Its doors briefly closed, the Presence Chamber at Kensington Palace has reopened with a throne canopy sitting pride of place as you enter the room.
A Fragile Shipment
With the conservation treatment complete, plans began on the task of physically moving the canopy from our studio here at Hampton Court over to Kensington Palace.
To prevent damage in transit we have to think carefully about packing and transportation. Custom-made boxes were used to stop the textiles from shifting around and as far as possible used to keep them flat. This protected them from creasing which could misshape or split the fragile historic material.
It is not easy removing a two-metre-long box from the first floor of a historic building. We somehow managed to navigate some of Hampton Court’s most winding narrow corridors and staircases though and could load all the parts onto a truck for driving to central London.
Putting it all together
Our previous post explains the design of the wooden frame that supports the throne canopy. Before any textiles could be assembled, this first needed to be built in situ. It was then covered with a material called Moistop®, creating a barrier between wood and textile. Almost there and the frame was upholstered with fabric chosen to be a good colour-match to the object. Finally, we were able to complete the installation by adding the centrepiece textiles: see the process for yourself below.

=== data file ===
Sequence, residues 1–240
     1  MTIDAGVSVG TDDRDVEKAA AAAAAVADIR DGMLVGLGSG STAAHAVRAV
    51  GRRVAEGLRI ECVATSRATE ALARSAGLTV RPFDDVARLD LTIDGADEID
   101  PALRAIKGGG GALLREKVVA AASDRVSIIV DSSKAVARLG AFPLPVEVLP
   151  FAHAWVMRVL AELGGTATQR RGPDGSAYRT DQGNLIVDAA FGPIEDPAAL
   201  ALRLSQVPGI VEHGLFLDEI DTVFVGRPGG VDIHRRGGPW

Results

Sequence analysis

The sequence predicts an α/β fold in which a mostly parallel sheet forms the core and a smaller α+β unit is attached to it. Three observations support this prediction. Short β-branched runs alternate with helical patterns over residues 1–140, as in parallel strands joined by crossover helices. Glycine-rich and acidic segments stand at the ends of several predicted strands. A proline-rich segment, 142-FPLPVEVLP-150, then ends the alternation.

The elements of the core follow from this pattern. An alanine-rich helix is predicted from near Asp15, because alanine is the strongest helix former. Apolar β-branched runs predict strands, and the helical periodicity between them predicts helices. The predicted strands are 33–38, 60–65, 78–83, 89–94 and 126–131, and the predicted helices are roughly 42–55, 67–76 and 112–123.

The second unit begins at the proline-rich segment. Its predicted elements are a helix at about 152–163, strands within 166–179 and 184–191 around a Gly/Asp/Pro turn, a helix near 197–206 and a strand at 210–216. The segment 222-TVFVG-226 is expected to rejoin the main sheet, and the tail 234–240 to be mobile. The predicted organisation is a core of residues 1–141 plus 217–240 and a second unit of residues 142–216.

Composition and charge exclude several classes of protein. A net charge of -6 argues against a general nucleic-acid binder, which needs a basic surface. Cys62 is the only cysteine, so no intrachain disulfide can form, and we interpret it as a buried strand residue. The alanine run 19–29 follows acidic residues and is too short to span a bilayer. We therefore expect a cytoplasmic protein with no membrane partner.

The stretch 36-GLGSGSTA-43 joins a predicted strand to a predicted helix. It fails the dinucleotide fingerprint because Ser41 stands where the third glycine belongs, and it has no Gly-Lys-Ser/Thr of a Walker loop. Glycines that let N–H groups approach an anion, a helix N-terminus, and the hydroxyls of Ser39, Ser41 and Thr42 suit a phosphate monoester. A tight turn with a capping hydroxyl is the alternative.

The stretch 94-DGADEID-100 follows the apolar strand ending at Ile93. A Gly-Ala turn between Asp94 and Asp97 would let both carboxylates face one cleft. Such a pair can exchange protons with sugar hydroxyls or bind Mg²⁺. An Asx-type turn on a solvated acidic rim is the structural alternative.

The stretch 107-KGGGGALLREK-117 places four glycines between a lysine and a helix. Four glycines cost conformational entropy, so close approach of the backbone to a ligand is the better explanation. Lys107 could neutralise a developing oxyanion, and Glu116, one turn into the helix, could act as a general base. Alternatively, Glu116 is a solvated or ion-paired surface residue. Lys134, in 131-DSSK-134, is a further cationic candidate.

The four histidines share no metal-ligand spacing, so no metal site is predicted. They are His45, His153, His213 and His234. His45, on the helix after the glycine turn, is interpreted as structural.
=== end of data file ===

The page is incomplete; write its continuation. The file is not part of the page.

The end! There it is! A three-year conservation project over and a fantastic feat that has been as rewarding as it was ambitious. A big well done to all 50 colleagues and five contractors involved in the project for this wonderful achievement.
By Charlotte Gamper, Senior Textile Conservator